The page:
If you’re looking for thrills – and spills – snowboarding or boarding is today’s snow-lover’s favourite. For those seeking the X-factor splitboarding – when the board divides into two to cope with tricky slopes and rough terrain – is the ultimate experience. Red Lion Group member Adam Bramley reports.


Adam Bramley and his touring ‘buddy’ Valentina

Slippery slope or path to success: Adam Bramley on Courchevel

A spell of unexpectedly warm weather in the French Alps earlier this year proved a double bonus for snowboarder and pouchee Adam Bramley. His health suddenly changed for the better and his passion to get back on the slopes was almost instantly rekindled. “Having had my takedown in October 2018 at the end of a three-stage surgical process I was absolutely desperate to get back on the snow,” says Adam, who had his operations at the Queen’s Medical Centre in Nottingham.

The intrepid boarder, who was staying in the famous French ski resort of Courchevel with his ‘touring buddy’ Valentina, adds: “The improvement continued throughout February, March and early April this year. And with some decent piste-skiing under my belt and a good few kilograms back on my frame, courtesy of copious amounts of excellent French cheese, I started looking towards bigger challenges.”

As many snow enthusiasts know, one of the key features of the French Alps is its refuges – places where people can stay varying in size from simple mountain huts to small hotels with hot food and showers.  “We decided that a hut-to-hut route would give me the opportunity to get out into the mountains for a few days, making our way across untracked snow and getting in some good descents.”

On the first day the pair stood excitedly at the foot of Courchevel 1650 (the number marks the mountain’s height) with 30 litres of kit on their backs and “looking nervously up at the 1,000 metres plus of ascent we’d planned for the start of our adventure,” says Adam.

“Our three-day adventure passed in a blur. Hut-to-hut touring is a challenging undertaking at the best of times.  You have to carry all your food and equipment, manage the weather, snow conditions and avalanche risk, navigate through tricky terrain, climb using nothing more than your own leg power, descend steep slopes in variable snow conditions and finally heat the hut where you are staying at the end of each day.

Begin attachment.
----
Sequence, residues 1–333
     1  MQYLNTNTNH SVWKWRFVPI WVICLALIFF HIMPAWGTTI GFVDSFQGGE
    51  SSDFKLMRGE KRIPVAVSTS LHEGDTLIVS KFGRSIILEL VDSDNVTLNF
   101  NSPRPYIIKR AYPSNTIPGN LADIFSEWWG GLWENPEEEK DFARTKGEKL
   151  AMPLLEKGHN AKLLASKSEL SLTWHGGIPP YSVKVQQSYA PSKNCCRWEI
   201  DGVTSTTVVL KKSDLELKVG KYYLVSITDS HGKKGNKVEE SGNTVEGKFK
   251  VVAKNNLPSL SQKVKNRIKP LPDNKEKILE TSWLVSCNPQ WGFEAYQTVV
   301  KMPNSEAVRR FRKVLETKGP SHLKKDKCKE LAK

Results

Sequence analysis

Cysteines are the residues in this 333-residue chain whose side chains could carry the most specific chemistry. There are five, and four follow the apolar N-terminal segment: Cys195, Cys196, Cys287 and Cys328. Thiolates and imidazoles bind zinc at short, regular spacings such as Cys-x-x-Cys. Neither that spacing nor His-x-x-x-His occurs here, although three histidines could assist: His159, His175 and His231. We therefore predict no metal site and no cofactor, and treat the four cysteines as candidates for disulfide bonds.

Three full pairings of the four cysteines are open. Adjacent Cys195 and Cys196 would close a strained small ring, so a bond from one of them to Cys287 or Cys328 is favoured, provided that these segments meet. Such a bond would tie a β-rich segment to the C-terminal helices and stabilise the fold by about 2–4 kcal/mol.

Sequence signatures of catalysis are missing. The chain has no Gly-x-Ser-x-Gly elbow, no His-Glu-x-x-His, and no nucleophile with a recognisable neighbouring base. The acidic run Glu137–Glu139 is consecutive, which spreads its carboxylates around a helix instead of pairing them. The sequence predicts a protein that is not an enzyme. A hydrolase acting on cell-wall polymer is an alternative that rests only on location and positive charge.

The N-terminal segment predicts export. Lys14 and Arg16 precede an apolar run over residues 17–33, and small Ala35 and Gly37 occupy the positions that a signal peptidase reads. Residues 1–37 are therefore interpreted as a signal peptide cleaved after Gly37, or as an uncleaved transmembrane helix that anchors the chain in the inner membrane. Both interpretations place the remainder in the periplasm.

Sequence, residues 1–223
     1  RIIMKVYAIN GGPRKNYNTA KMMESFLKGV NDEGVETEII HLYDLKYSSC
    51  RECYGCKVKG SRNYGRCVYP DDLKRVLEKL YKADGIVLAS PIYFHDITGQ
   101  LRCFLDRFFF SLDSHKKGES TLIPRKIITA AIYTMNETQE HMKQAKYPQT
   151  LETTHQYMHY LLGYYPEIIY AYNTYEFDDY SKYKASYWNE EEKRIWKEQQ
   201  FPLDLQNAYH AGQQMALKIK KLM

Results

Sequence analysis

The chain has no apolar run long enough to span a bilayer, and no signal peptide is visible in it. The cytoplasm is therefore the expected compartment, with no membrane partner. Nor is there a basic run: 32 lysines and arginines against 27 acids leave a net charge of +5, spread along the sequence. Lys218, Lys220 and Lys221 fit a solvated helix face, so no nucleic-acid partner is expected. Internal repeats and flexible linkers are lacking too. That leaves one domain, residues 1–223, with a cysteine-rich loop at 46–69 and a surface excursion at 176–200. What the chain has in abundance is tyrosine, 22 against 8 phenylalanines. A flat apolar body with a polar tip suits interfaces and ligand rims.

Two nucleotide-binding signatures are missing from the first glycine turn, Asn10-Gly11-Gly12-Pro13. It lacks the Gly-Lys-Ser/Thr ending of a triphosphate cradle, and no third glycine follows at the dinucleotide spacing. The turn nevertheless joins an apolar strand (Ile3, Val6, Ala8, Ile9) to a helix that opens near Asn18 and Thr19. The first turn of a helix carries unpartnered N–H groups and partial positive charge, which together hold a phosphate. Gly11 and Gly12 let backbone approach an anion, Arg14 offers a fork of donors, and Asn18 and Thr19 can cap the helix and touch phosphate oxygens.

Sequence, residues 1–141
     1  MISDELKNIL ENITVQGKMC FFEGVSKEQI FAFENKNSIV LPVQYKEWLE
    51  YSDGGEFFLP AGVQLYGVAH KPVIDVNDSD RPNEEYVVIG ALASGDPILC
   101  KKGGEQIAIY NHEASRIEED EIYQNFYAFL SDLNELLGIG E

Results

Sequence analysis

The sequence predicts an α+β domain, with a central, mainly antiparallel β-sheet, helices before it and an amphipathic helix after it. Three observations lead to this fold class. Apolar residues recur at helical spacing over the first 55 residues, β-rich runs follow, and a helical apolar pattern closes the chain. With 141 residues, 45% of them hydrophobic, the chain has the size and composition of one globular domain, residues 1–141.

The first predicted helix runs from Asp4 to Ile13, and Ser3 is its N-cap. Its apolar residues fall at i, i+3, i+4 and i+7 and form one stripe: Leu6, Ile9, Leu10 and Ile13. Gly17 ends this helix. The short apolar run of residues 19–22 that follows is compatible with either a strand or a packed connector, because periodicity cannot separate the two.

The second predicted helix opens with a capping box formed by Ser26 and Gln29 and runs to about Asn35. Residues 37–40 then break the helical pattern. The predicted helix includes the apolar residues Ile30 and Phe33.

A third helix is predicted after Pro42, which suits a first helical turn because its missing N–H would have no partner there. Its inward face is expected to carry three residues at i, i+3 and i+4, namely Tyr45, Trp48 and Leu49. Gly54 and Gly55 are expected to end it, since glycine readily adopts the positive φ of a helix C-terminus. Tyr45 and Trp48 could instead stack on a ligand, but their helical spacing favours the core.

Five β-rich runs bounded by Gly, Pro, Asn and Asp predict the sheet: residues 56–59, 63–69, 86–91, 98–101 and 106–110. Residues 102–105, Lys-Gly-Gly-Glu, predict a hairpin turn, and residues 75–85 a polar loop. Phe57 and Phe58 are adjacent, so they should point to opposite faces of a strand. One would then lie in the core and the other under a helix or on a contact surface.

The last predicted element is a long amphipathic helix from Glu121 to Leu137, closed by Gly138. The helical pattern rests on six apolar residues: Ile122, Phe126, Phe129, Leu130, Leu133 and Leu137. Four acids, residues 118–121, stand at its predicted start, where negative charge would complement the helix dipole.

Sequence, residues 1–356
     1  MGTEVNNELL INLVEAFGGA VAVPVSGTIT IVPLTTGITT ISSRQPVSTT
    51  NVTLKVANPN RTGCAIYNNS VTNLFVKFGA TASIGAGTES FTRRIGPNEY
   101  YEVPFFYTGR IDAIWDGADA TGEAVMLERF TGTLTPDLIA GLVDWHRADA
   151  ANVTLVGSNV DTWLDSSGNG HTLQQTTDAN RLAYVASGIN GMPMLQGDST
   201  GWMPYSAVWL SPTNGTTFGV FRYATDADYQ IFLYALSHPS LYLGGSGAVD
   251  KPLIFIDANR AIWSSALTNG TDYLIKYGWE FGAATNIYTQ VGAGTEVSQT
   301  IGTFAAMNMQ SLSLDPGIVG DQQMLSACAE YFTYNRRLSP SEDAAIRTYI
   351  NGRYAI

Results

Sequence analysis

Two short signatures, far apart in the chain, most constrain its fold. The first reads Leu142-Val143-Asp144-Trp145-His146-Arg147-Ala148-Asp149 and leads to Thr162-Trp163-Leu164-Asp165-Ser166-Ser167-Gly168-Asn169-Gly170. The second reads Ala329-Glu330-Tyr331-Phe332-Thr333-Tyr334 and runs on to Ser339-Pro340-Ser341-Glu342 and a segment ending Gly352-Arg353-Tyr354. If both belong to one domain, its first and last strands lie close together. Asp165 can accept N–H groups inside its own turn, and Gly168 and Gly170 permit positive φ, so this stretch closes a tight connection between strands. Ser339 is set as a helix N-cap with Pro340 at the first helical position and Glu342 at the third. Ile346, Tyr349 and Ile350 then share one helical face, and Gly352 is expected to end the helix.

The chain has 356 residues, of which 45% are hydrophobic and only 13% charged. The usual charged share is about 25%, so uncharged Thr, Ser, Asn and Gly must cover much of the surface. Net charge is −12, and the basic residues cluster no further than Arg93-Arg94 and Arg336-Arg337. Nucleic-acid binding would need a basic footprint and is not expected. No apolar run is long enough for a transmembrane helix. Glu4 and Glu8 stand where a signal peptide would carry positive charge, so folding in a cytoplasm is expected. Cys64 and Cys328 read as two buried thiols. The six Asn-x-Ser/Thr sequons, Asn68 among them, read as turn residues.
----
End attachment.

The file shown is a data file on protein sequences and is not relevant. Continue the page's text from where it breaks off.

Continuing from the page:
As well as the physical challenges, Adam had bravely decided to give his six-month-old J-Pouch a trial run without the security of any traditional back-up support or facilities.

And the highlights were spectacular. Each day the pair watched as the sun climbed over the mountains and the snow turned golden yellow in the pre-dawn morning light. On another day they had the thrill of descending a perfectly even 600m-long 45 degree slope “all the way into the valley” and during one lunch-break they were even approached by an alpine fox. Two other unforgettable moments were lying on a rock and watching as a series of avalanches poured off the upper Alpine slopes in the afternoon sun and the “feelings of fear we experienced when stuck and exposed on a bitterly windswept ridge turning to absolute exhilaration moments later as we charged off it into a late April powder-field,” says Adam.

So how did Adam’s pouch fare during his Alpine adventure? “Physically I didn’t feel too bad. There’s still a big weakness in my core and I’ve got another 10kg to gain before I’m back to my previous weight – including a lot of work to do on my abs before I can truly trust them again. The pouch was OK. It started off great, but by the end of the second day I was feeling a bit gripey, which I’m blaming on a combination of much greater physical effort than I’d done previously and a sudden change of diet. It worked though and this adventure has stoked the fires for bigger trips next time,” he says.

“What I have gained is the confidence that one day I’m going to get back to something pretty close to normal – something I wasn’t 100 per cent confident about beforehand. I’ve definitely still got a lot of healing and learning to do and my next step is going to be to take six months back at home focusing on my health. Come next winter though I’m confident that I’ll be back in my snowboard instructor’s uniform.

Next year, after a long period of unbroken recovery, Adam plans to finish his International Snowboard Teacher Diploma (ISTD) exams – which he began before his spell of ulcerative colitis – and become a fully-fledged snowboard instructor.

“It’s often stated that pouches continue to improve for 10 years – and I’m pleased with where mine is after only six months,” says Adam.

Gary Bronziet